Coffee isn’t something I really enjoy or have an interest in, because I don’t really like the bitter taste, but the claim made by Jason Soon, owner of Kim Guan Guan Coffee Trading Pte Ltd, (https://www.youtube.com/watch?v=G1nmLcBYOxk) that Singapore’s style of traditional coffee was unique still amazed me. Obviously when analyzed in more detail, it would be more accurate to say that the traditional method of preparing coffee in Singapore is unique to the region here. Nevertheless, the fact that Singapore traditional coffee beans are roasted in caramel (and apparently butter/margarine; not shown in the video) and European style coffee is not is quite a big difference. On hindsight perhaps it seems quite obvious, but i never really considered the difference between “Singapore coffee” and “European coffee”, especially Kopi-O and an Americano which I felt were identical. That video was also the impetus for me driving to try Heap Seng Leong at 430am, the experience recorded here.
Initially, I thought that raisins were made by simply drying grapes but it was just never occurred to me to check. After I watched (https://www.youtube.com/watch?v=7e8DepWX4_4), I thought it was shocking that I was wrong all this while and only learnt the truth at 24. After doing a little more research, it seems that this method of leaving the grapes on the vine to dry after cutting the cane is called trellis drying, and is a relatively new improvement to raisin production. Very good personal experience of the adage “learning never stops”.
- Labels on bottles
The snug fitting labels on bottles are actually done by a jet of hot stream.(https://www.youtube.com/watch?v=BfX9Q871P2Q)
- Rock Sugar
Rock sugar is made by boiling table sugar and letting it crystallize, at least that’s how it is done by one of Singapore’s oldest sugar manufacturers (https://www.youtube.com/watch?v=OqWPyK_PGrA)
What a weekend it has been. Bit of a forced alliteration for the title but still, it works for me.
Secondary school friends came over for world cup and poker. Multiples bet was already shaky after France scraped through with a 2-1 win over Australia, ticket was dead after Argentina were held by Iceland. Did pretty well in poker though, managed to extract maximum value after hitting a straight draw in the first hand, held on for a $12 win (pretty good for a $10 buy in). Quite pleased with a few safety plays though, mucking A6 and and a few other trouble hands before I could get sucked in. It’s not surprising that YR and WT view AJ and AQ much more highly than they are worth, but for now I will apply Victoria Coren’s advice where you only continue with two specific flops. Can’t really remember what transpired when I won with KK against two players, but YR is correct when he said that I was quite predicatable with regards to protecting monster pockets, so I need to rethink how to better extract value from made hands though.
The end of me betting on football. Quite a spur of the moment thing to bet with YR that I would stop betting on football forever if Brazil didn’t win Switzerland, and they duly delivered. And thus my betting “career” ends with a whimper as upset after upset happen at the world cup.
I don’t really know what to say though, for both the Argentina and Brazil games, the favorites dominated as expected but just couldn’t find that second goal. But a promise a promise and no more betting on football for me.
Finally went to Heap Seng Leong to try the traditional breakfast. Shame I can’t post the short 360° I took, but I will try my best to capture that 30 minute experience I had there. A lot of reviewers have used the term “nostalgia” to describe the initial feeling that they experience when they first step into the place, but I being born in 1995 do not share their sentiments; the closest experience that I have of such run down coffee shops is probably the ones that we walk past in Malaysia without giving much consideration. But even so, anyone will instantly identify it as an anachronism; a relic frozen in time even in comparison to the relatively old New Bridge Road area. Initially I thought it faced the main road as I was looking for it, so it was even more surprising to see such an old coffee shop suddenly come into view. When I walked in there were only 3 people in the coffee shop – the owner, his son and a customer. All stared at me with looks suggesting that I didn’t belong, and my discomfort resulted in me reverting in English and literally saying “breakfast set” as I approached the owner’s son, but I quickly regained my composure and ordering “咖啡，面包，鸡蛋”. I do not think that English would have been lost on the owner’s son, nor is there anything overwhelmingly wrong about ordering in English, but it just felt extremely out of place.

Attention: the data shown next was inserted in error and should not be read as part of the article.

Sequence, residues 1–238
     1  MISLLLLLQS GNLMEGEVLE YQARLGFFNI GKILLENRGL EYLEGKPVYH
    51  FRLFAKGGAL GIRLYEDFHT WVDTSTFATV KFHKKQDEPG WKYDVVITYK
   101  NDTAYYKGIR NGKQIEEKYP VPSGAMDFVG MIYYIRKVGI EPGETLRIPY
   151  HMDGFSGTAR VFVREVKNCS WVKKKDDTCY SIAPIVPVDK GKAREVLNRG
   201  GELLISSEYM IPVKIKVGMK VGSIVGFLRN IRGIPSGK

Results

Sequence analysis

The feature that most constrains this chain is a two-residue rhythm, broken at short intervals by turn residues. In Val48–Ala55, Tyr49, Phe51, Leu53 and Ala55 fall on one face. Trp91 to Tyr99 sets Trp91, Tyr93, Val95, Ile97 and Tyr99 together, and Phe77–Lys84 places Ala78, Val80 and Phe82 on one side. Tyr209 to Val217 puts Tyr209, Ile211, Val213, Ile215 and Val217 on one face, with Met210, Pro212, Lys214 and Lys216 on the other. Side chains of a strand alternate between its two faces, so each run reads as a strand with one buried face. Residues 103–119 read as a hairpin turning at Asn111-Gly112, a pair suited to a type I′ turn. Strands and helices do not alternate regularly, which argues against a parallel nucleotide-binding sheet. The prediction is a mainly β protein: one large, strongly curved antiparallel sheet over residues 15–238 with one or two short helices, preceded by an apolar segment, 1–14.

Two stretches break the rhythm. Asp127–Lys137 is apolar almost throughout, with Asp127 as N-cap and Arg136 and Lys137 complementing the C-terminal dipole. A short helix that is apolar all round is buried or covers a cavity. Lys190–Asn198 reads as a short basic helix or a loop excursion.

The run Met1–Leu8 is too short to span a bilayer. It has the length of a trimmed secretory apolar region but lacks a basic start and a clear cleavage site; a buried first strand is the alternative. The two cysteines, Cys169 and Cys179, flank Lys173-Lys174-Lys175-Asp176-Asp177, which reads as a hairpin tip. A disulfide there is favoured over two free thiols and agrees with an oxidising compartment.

The coffee came first, and I really liked it. Admittedly I don’t really know much about coffee or its appreciation, but I really liked the sweetness, and a really subtle hint of a bitter aftertaste that did not become unpleasant. Next came the bread, which was surprisingly cold when it was served, and I suspected that it was not freshly made. It was still pretty good though, a traditional Singapore loaf with a slightly crisp exterior, kaya that was not overwhelmingly sweet and a generous slab of butter. The eggs were quite a let down, with the yolks being overcooked and most of it solidifying, but still decent. I ordered another serving of toast because I thought it would be unfair to judge based on a presumed already made batch. As I ordered, I told the owner’s son that my first serving of bread was cold, and he appeared surprise and mumbled something along the lines of “刚烘的啊”. When it came, it was only slightly warmer, and I started to realize that the first batch was not pre-made, but in fact the lower temperature was probably due to a combination of a shorter toasting time compared to other places that I have patronized, as well as considerable time spent scraping away the burnt ends of the toast. I would say that compared to the more ubiquitous chains like Wang and Ah Kun, I definitely enjoyed Heap Seng Leong’s version more, even though personally i would have liked the bread charred more and served more warm, but I think the scraping of burnt bits is done for the sake of their older customers. The last item I ordered was a Teh-O, and once again it was sweet, but this time it didn’t come with even the slightest hint of a bitter aftertaste…not sure if that is a good or a bad thing.